I worked with a professor who got together with a few others and created their own digital course content.
This was an interactive package of notes/exercises/self-marking quizzes on the course content.
They sold it for about a quarter of the cost over the previous textbook for the course, and divvied up the proceeds at the end of each year.
I asked about the legality/morality of it, and he replied with 'it's better content, we charge much less, and turn a blind eye to sharing'.
His attitude could be boiled down to : the publishers are the ones making all the money, so I'm going to go direct and cut them out, plus endeavour to bring the content directly to the students.
It wasn't an online solution because the university had some (outdated if you ask me) prohibition on online only content, in case there were students who spent periods where they didn't have access to an internet connection. (note, this was a while ago)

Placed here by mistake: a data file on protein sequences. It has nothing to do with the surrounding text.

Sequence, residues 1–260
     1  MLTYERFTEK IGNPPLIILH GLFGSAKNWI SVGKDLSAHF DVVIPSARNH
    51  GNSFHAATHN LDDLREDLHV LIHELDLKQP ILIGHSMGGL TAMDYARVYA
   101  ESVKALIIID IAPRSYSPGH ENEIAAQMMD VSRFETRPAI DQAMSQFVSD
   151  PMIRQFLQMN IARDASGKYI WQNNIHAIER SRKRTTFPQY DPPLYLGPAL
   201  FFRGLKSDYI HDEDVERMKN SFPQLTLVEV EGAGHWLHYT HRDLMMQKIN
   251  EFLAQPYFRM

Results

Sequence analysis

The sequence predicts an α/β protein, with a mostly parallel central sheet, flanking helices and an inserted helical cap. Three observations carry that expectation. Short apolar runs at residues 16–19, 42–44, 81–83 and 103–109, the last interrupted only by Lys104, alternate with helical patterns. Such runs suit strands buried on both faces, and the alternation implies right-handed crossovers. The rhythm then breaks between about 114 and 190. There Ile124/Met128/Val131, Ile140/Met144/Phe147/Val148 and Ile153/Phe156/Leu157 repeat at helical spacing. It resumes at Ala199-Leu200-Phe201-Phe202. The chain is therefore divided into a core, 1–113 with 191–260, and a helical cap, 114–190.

The guy was already independently rich from his side-business of consulting in his industry, so I tended to believe him that he wasn't really in it for the money, though he did want it to be at least revenue positive.
The whole area is ripe for disruption, but then education itself is fat target.